11 May 2003 St. Athanasius Lutheran Church
Easter 4 – Good Shepherd Sunday Vienna, VA
“Our Good and Faithful Shepherd”
Text: John 10:11-18
Grace, mercy, and peace to you from God our Father, and from our Lord and Saviour Jesus Christ. Amen.
When what you see with your eyes contradicts what you hear with your ears, you begin to realize how little and fragile and weak our faith really is . . . and how hard it is to live by faith.
When Martin Luther was alive and trying to teach about faith and living by faith, he was confronted by one of his students who didn’t believe what Luther was saying because it sounded too easy. There must be more to it; things we must do, said this student . . . to which Luther responded, “You think living by faith is easy?”
When Jesus was teaching His disciples, He called them (a number of times), “O ye of little faith.” And it wasn’t just His disciples then that He was talking about. He could just as well say those words to you and me, couldn’t He?
Today is Good Shepherd Sunday, and we heard again those wonderful words of Jesus, “I am the Good Shepherd.” And we heard of all the wonderful things our Good Shepherd does in caring for His sheep: feeding us, leading us, guiding us, protecting us, never abandoning us, knowing us. . . . But then we look around us, and what happens when what we see with our eyes contradicts what we have heard with our ears? When it seems that rather than receiving all the blessings of our Good Shepherd, we instead seem to be stuck in the middle of never ending struggles – at home, at work, at school, with our church, in our personal lives, with our finances? When it seems that the Good Shepherd isn’t being too good at all? Or that maybe He’s in another pasture and has forgotten about us. . . . We heard those wonderful words again today, but about the reality of what we see happening all around us?
Well if that is the case with you, as it is with me, know that you are not alone. Such is the way it has been for God’s people, God’s sheep, of all times. Living by faith is not easy, and it will never be. Abraham could tell you that. So could Moses, and Jacob, and Joshua, and Samuel, and David, and Elijah, and Jeremiah, and Daniel, and the Apostles, and Joseph and Mary, and the fathers of the early church, and Luther and the other reformers, and the list goes on and on. For as long as we are in this world, there will be struggle. Satan will see to that, for he wants nothing else than to destroy the church of our Lord Jesus Christ and how he goes about that is by destroying the faith of one Christian at a time. Therefore if you are a Christian, you are a target. You will struggle as a Christian. We will struggle as a church. We will be attacked relentlessly. It may even appear as if our enemy is winning. To expect otherwise is simply not realistic, nor an option . . . although that is what we want, isn’t it?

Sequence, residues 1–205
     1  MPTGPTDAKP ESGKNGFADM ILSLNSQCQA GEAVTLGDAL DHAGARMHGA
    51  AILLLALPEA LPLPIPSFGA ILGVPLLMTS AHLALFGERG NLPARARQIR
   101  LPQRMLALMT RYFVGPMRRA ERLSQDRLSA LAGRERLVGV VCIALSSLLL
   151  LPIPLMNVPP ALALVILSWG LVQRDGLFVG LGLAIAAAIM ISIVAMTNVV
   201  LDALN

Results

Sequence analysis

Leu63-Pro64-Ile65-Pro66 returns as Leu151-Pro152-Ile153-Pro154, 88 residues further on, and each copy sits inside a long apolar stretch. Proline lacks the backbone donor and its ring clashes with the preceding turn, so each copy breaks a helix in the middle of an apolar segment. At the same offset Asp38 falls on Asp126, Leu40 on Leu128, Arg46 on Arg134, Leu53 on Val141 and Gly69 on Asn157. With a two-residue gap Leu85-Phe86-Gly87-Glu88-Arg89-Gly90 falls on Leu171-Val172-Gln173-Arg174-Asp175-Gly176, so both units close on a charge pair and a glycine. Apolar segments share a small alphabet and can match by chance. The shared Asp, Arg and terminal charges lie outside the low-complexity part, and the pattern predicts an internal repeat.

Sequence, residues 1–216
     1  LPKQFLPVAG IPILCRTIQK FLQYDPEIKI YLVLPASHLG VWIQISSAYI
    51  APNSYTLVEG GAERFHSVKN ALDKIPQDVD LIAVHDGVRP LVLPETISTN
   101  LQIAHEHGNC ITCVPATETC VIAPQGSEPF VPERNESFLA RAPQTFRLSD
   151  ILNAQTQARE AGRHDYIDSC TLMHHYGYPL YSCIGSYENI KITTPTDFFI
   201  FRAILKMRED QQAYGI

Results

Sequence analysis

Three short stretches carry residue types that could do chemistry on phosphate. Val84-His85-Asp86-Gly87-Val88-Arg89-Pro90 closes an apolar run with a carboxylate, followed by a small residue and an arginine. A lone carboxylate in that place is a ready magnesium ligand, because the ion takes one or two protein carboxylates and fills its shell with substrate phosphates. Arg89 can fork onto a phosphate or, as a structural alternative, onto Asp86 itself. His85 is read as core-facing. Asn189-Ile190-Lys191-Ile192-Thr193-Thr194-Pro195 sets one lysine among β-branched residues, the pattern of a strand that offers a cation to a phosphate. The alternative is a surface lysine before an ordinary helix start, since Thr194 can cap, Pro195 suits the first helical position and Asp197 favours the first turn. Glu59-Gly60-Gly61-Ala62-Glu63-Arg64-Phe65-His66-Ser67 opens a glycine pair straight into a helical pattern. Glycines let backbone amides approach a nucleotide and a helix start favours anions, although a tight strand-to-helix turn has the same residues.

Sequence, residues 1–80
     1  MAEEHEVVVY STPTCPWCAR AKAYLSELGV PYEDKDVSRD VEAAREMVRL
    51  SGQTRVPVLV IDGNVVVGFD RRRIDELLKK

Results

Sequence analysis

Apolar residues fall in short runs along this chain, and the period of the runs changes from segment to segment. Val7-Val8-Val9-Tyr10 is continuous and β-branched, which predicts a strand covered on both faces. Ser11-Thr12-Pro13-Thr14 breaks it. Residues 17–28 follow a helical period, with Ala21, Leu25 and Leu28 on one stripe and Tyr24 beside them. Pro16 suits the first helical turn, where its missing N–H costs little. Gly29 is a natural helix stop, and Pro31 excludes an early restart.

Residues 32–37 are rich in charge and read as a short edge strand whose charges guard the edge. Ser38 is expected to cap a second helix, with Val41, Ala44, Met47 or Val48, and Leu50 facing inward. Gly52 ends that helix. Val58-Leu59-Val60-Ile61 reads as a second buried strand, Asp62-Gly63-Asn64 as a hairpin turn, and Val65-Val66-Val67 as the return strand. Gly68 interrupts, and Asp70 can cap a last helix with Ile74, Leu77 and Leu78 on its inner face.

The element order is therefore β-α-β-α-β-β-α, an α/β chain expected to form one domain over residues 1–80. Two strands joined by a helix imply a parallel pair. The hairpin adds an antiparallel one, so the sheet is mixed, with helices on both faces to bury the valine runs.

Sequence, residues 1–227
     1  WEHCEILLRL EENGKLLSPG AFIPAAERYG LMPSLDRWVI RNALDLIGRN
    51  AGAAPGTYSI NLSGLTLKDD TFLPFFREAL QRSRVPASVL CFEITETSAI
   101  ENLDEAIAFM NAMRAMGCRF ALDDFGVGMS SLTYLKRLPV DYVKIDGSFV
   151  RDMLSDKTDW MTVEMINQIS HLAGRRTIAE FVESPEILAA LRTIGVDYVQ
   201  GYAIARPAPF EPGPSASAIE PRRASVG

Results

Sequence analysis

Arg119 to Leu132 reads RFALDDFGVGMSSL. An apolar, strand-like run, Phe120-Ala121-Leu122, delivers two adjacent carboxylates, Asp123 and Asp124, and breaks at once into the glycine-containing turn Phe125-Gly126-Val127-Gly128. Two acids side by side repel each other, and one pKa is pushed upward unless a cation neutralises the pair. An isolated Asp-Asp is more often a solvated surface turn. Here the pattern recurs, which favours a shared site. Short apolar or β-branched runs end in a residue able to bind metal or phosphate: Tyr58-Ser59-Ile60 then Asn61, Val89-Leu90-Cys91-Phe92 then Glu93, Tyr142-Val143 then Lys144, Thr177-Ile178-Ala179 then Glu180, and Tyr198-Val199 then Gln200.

And so it was for the Apostles, to whom Jesus first spoke the words that we heard in the Holy Gospel this evening. Jesus said to them, “I am the Good Shepherd.” And they too knew the words of Psalm 23, as we do. But what did they see all around them? Jesus was being opposed and challenged and plotted against by the Jewish authorities. He was called a liar, and an illegitimate child, and possessed by the devil. Those who followed Jesus, or were healed by Him, were being thrown out of the synagogue. Because His teaching was so challenging and offended the sensibilities of some, even some of His followers stopped following Him and went home. And seeing all of this happening, could you have blamed the disciples if they began to think, “With a Shepherd like this, who needs wolves?”
Its not easy, is it?
But still we know that these words are true. Despite what we see around us, despite the struggle and the attacks of the devil, despite the contradiction between our eyes and our ears, the faith that God has given you and me, however little it may be, knows that we have a Good Shepherd. A Good Shepherd that is not a hireling that runs away when things get tough, but who sticks around and fights for us. He is a Good Shepherd who knows His sheep. We’re not like the sheep you see in the Serta mattress commercials on TV – anonymous sheep with only numbers on our side. Sheep number 245,673. No, your Good Shepherd knows you and knows who you are. And you have a Good Shepherd who would rather He die than you die. A Good Shepherd who will lay down His life so that His sheep can live. . . . Clearly, no ordinary Shepherd!